Bone Abstracts (2015) 4 P189 | DOI: 10.1530/boneabs.4.P189

Two infants with the diagnosis of infantile hypophosphatasia: case report

Nesibe Akyurek1, Mehmet Emre Atabek2 & Beray Selver Eklioglu2


1Department of Pediatric Endocrinology and Diabetes, Konya Training and Research Hospital, Meram/Konya, Turkey; 2Department of Pediatric Endocrinology and Diabetes, School of Medicine, Necmettin Erbakan University, Meram/Konya, Turkey.


Hypophosphatasia is an autosomal recessive rare metabolic disorder characterized by decreased bone mineralization. It can be seen in infancy, childhood or adolescence. Disease occurs due to the loss of non-specific alkaline phosphatase activity in liver, kidney and bones. There is no specific treatment. Two infants with growth retardation and failure to thrive diagnosed as infantile hypophosphatasia are presented.

Our cases had abnormalities including short stature, failure to thrive short, bowed extremities, generalised hypotonia, a small funnel chest, soft calvaria, very large fontanel, extremely wide cranial sutures, high-arched palate, low-set ears and a depressed nasal bridge. Serum alkaline phosphatase activity was 55 U/l in a 4 month-old girl and 44 U/l in a 1-month old boy respectively (Normal: 145–420 U/l). Serum calcium concentrations were 10, 4 and 10.2 mg/dl respectively (Normal: 8.9–10.3 mg/dl). Urine test for the presence of phosphoethanolamine was able to evaluated in case 2 which revealed 30 μmol/mmol of creatinine (normal child; <25 μmole/mmol creatinine).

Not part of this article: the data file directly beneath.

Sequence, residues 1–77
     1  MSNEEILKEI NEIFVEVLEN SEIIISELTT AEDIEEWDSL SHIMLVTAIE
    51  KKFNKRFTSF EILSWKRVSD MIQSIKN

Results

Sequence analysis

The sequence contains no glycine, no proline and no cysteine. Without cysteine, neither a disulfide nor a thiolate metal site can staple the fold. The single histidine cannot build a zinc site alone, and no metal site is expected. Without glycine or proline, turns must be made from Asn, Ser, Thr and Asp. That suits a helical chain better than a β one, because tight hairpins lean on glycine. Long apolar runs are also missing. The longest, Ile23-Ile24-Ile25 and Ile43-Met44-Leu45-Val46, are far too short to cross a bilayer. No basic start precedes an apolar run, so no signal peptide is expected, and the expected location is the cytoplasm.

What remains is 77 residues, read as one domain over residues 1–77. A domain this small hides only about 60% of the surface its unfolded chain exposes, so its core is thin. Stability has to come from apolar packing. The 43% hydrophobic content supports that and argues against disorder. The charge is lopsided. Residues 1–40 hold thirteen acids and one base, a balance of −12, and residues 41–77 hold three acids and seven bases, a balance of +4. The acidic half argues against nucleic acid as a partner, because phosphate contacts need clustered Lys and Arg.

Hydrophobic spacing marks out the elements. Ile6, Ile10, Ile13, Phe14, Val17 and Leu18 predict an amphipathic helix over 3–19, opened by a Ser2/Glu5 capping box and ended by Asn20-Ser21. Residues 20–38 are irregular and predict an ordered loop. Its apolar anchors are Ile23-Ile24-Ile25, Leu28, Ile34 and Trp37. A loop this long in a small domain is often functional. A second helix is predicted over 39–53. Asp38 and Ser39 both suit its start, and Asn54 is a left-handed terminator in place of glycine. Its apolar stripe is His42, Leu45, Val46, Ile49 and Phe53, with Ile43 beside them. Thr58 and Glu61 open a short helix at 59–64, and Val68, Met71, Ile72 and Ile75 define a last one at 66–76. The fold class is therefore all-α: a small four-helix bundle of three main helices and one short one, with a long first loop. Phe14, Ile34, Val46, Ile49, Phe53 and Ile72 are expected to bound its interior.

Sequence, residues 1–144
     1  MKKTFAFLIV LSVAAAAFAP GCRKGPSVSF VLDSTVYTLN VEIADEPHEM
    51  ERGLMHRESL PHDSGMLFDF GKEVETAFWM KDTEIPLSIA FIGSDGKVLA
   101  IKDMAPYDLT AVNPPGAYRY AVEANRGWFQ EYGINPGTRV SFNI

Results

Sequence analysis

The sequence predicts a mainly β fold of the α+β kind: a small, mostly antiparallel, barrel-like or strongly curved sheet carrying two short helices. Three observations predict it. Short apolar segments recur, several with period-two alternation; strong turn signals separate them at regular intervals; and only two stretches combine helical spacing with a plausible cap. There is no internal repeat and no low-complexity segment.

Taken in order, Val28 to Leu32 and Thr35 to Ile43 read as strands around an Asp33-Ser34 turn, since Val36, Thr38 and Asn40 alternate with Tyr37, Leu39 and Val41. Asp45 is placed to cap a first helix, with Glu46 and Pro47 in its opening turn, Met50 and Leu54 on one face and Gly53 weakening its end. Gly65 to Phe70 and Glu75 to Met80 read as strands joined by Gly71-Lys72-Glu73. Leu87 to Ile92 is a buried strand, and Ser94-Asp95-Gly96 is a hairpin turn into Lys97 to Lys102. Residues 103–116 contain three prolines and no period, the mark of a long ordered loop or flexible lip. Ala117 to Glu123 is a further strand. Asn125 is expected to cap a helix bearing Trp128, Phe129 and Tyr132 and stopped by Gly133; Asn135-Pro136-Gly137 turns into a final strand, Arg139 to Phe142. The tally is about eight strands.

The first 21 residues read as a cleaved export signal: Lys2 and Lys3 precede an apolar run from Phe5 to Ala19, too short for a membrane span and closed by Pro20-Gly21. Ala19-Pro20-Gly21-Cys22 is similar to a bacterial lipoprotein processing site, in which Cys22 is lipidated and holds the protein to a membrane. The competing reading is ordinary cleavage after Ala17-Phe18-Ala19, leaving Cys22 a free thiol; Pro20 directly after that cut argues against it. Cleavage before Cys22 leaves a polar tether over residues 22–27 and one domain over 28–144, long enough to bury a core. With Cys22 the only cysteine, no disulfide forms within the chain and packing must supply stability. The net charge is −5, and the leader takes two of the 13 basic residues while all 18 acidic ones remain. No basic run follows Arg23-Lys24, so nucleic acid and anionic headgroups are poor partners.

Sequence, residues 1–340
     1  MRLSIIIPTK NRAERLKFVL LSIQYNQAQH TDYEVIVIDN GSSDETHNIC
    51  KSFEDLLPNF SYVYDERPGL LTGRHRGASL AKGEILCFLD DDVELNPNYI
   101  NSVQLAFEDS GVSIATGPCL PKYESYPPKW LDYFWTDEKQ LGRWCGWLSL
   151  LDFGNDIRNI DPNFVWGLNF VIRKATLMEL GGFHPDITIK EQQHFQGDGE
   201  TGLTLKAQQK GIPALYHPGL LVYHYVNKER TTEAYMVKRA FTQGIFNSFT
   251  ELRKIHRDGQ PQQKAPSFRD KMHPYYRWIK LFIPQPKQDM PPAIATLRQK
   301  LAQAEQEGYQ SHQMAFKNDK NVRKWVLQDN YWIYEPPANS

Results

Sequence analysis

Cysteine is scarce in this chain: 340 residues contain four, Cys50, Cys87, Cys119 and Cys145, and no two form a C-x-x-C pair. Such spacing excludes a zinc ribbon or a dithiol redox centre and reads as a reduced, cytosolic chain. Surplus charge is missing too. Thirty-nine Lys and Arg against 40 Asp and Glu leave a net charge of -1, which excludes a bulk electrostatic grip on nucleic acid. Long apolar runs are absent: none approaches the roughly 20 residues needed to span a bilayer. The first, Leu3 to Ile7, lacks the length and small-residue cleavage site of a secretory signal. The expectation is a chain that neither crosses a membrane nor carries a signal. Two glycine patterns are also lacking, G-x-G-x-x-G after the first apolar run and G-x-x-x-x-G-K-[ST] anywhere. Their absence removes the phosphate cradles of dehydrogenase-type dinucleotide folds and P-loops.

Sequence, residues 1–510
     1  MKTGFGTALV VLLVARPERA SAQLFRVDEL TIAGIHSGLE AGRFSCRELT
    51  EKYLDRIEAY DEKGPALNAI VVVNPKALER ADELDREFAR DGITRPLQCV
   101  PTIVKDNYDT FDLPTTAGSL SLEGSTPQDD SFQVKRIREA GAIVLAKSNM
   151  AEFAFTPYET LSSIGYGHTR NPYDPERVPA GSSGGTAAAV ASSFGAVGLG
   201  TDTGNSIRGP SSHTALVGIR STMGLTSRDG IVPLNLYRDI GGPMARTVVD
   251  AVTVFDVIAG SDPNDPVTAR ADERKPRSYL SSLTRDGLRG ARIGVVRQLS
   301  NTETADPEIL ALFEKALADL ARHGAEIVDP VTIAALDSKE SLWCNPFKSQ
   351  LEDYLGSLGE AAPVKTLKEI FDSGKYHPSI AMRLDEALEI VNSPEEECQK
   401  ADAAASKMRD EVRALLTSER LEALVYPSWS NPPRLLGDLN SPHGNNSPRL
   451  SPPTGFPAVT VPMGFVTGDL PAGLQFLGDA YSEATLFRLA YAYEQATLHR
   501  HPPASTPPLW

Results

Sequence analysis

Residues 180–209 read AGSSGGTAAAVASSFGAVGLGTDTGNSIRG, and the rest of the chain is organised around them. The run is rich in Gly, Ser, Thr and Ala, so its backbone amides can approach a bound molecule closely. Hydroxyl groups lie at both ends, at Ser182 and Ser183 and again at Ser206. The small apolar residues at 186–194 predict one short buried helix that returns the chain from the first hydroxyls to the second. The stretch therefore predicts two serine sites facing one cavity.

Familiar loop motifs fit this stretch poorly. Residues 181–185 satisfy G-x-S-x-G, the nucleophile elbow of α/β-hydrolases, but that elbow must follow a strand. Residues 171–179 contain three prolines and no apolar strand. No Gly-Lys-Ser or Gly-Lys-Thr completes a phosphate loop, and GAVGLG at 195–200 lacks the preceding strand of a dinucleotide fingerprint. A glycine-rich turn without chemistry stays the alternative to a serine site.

Radiographs showed hypomineralisation of all bones, especially the calvarium, long bones and ribs; widening of sutures; and poor ossification of the calvarium. Bowing was apparent in the distal portions of both upper and lower extremities.

In this article we described two unrelated patients having a condition that can be considered as likely severe type of hypophosphatasia with high mortality.

In conclusion, hypophosphatasia must not be forgotten as an aetiological factor of abnormally low weight and/or height for age in children and alkaline phosphatase activity should be checked accurately.

Disclosure: The authors declared no competing interests.

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